Actual Liveable Cities – How to Build Inclusive Cities. A University of Auckland Winter Lecture

We need to make our Cities more inclusive

 

Yesterday my old University – the University of Auckland held one of its 2018 Winter Lecture Series yesterday. This particular lecture was on: Liveable Cities in 2030: Pathways to active, inclusive cities in 2030.

 

You can watch the lecture below (it starts around the 12 minute mark):


The opening introduction:

2018 Winter Lecture Series: Aotearoa in 2030

Professor Robin Kearns, School of Environment: Creating cities for children New Zealand has conventionally been known as ‘a great place to raise children’.

How can our cities be more child-friendly and inclusive? Drawing on local research and international examples, Robin will examine ways that children can be partners in defining our collective future through being offered a more secure, active and equitable place in our urban world.

Robin Kearns is Professor of Geography in the University of Auckland’s School of Environment. His interest in the links between children’s needs and city spaces began almost two decades ago when his own children were at primary school. A small project seeking to diffuse traffic congestion at the school gate fuelled the development of Auckland’s first walking school bus programme. In the years since a range of collaborative research projects have deepened his concern for a more hopeful future through the intersection of sustainable practices, convivial neighbourhoods and creative methodologies. With co-editors Christina Ergler and Karen Witten he recently published the Routledge book Children’s Health and Wellbeing in Urban Environments.

Dr Alex Macmillan, Preventive and Social Medicine, University of Otago: A healthy transport future requires an ordinary revolution Thinking about urban transport futures has lately tended towards technological mysticism.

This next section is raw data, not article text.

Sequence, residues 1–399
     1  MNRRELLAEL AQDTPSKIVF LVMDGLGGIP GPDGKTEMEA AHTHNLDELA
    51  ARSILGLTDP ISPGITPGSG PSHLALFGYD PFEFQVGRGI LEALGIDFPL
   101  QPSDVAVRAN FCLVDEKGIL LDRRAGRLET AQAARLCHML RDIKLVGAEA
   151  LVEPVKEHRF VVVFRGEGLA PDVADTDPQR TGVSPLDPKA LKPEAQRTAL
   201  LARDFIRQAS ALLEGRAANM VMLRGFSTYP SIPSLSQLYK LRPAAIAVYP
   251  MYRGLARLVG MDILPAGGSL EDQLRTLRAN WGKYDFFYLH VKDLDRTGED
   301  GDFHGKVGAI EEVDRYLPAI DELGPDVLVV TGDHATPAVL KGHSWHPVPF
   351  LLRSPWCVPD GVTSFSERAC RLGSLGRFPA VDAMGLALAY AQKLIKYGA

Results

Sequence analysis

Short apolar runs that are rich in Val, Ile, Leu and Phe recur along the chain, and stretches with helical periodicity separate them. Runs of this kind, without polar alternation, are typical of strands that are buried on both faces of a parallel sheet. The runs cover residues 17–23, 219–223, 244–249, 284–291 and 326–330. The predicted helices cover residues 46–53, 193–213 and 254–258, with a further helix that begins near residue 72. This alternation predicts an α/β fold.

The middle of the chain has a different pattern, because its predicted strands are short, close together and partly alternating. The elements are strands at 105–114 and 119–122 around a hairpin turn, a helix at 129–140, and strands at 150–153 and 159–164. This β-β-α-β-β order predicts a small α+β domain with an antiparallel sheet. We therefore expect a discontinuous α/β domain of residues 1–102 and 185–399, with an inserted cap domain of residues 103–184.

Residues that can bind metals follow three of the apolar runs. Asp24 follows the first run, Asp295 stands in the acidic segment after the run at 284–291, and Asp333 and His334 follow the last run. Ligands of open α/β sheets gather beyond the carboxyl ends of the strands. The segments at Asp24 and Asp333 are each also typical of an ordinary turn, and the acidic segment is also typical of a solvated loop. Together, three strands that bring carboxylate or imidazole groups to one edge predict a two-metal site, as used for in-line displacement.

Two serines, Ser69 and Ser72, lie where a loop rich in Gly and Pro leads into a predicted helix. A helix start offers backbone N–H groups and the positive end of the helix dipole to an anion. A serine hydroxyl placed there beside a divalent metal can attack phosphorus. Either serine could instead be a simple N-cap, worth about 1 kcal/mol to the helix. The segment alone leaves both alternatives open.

But if we were to set a vision for transport and urban planning that supported positive wellbeing and fairness, it might look less flashy. Drawing together her own experience doing research and translating it into action, and the experiences of others in Auckland and overseas, Alex will explore deceptively ordinary looking yet iconoclastic transport futures. Alex is a public health physician and senior lecturer in environmental health in the Department of Preventive and Social Medicine, University of Otago. Her interest in cities started as an orthopaedic registrar, engaged in the very wasteful activities at the bottom of the road traffic injury cliff. She has spent the last decade on research and action aimed at shifting urban futures towards health, fairness and environmental sustainability.

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Source: Youtube

 

Professor Kearns is an old professor of mine in my Geography years at Auckland. I have reflected on his comments before when it comes to cities and children here: A City That Is Equitable to All our Citizens. Social equity in the Urban Geography realm that includes critiquing what is known in slang as Tech Bro solutions towards our cities (autonomous cars and so on) is one of my major themes if not major theme of this blog. That is how does spatial development decisions including transport impact of residents and visitors in any given area.

 

This lecture I would say should be compulsory viewing for all geographers, medical practitioners, planners, engineers, urban designers and politicians if we really want an inclusive City!

 

Macdougal St in Greenwich Village, New York. Chaotic and vibrant, with everything you need is close by. This is a Complete Neighbourhood.
Source: Strong Towns

 

 

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